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Last month I went away for a week and none of the books that were left on my reading list for this year sounded appealing enough to make the trip with me, plus they were all huge and I didn’t want to be weighed down by them. So I did what any normal person would do and took 3 different books all under 400 pages with me instead, because I’ve bought a lot of books this year and well, I did that mainly because I wanted to read them at some point.
The book in question today is the most recent book that I impulse bought when I made my last trip to Waterstones Piccadilly. Although I will admit that I did kind of search for it a bit and it wasn’t as impulsive as the special edition of The Red Queen that I bought because it was just too pretty to walk away from.
I started this book on a two hour train journey from Doncaster to Filey and come the end of that journey I was 160 pages deep. It was the exact kind of fluffy rom-com-esque read I needed when I was half asleep and wanted something to do. I then finished it a couple of afternoons later feeling all warm and fuzzy about it all.
This book isn’t going to reinvent the wheel. You can pretty much tell the plot from a mile off. But the getting to the conclusion is so much fun.
I love Dimple. From the outset. There was just something about her that I identified with from the very first few pages. I loved how she knew exactly what she wanted and she was willing to work hard for it, regardless of what the world around her might have wanted her to do instead. She pretty much never lost sight of that, except for, of course, when sometimes Rishi got in the way.
Speaking of, I also grew to quite like Rishi. I found him frustrating at times, but I think that was just because I felt like I also could relate to him as well. The whole going down the practical route as opposed to the creative one because of…well, practicality. I was almost a little bit annoyed as the book came to a close because I thought it was going to have a mildly unhappy ending in terms of what he was going to pursue for further education but that turned out to not be the case, so I breathed a sigh of relief of that. Like I said, this book followed a formula.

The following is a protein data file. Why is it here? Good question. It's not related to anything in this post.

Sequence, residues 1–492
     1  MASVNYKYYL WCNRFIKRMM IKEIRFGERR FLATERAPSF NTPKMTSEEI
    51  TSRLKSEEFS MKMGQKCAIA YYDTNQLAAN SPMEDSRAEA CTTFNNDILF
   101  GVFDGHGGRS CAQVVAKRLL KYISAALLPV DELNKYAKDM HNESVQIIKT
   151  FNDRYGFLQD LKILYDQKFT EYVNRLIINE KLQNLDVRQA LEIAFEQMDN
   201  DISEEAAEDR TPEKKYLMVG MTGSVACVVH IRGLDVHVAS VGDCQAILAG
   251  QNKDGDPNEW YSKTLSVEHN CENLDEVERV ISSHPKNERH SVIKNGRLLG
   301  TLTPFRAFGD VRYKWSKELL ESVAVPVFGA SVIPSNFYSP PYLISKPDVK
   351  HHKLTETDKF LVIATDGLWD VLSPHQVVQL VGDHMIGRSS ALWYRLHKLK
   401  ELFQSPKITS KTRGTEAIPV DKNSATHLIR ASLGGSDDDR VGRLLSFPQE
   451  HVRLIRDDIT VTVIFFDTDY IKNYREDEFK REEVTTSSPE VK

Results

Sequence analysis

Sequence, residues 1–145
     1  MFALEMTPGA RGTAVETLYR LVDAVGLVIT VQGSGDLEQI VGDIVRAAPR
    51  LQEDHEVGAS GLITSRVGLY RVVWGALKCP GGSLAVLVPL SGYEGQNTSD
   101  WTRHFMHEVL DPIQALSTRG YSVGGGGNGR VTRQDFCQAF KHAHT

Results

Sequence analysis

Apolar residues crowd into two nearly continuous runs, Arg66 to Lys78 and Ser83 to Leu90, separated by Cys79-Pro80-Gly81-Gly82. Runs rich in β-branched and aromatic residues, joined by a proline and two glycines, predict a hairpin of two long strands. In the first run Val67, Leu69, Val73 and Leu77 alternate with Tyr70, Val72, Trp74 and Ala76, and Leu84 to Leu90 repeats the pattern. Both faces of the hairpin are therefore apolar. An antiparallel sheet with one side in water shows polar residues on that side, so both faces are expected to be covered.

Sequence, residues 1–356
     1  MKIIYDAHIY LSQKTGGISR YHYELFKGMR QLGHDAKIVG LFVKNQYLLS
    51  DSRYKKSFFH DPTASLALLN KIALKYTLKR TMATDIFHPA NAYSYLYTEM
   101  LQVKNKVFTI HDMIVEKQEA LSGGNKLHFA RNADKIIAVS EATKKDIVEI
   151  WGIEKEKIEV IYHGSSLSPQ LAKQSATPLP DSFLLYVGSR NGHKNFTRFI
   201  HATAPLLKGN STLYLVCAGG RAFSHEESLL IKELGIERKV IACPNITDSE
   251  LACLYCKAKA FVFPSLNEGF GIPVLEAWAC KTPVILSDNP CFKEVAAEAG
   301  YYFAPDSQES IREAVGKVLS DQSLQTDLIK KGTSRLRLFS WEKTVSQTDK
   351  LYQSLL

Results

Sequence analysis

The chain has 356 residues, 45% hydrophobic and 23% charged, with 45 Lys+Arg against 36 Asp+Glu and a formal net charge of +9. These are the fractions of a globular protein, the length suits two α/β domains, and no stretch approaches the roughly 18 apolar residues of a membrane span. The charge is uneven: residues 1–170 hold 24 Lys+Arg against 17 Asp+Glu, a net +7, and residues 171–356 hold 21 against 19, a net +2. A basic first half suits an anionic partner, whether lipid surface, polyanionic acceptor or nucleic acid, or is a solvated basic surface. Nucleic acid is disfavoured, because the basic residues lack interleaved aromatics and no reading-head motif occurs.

It had a happy ending.
It did also make me almost cry, when Dimple was talking to her mother about being proud of her and all that jazz I nearly lost it. In some ways it mirrors a conversation that I had with my mum a few years back, in which I did also almost lose it then too.
There were elements of this book that really resonated with me in some way. The idea of being ‘other’ and how that reflects the way that people look at you or treat you. The way that judgement can come from within your own community because of the way that you act and how it is viewed as either ‘right’ or wrong’. The last time something struck me in that way in the same way that this did since Noughts and Crosses was a long time ago now. It’s just not something that I am used to being confronted with. Which on the one hand is on me for not actively seeking stories with more POC characters in it that are both the protagonists and interact outside of their race, if that makes sense, but then is also because I feel like I just don’t come across it a lot. I mentioned it the other day, but it took me so long to twig that pretty much all the characters were black because that’s not the way I default to think about characters (with the exception of Hermione Granger, because that hair of hers man, I have it on my head, it’s never tame). But that’s a whole different thing.
All in all, I would recommend this book. It’s fluffy. It’s frothy. It’s the kind of warm that comes with watching When Harry Met Sally (for me anyway, insert your fave rom-com here if you have one). It’s comfortable. And that’s never a bad thing.
Parentheses count: 2. See you tomorrow!
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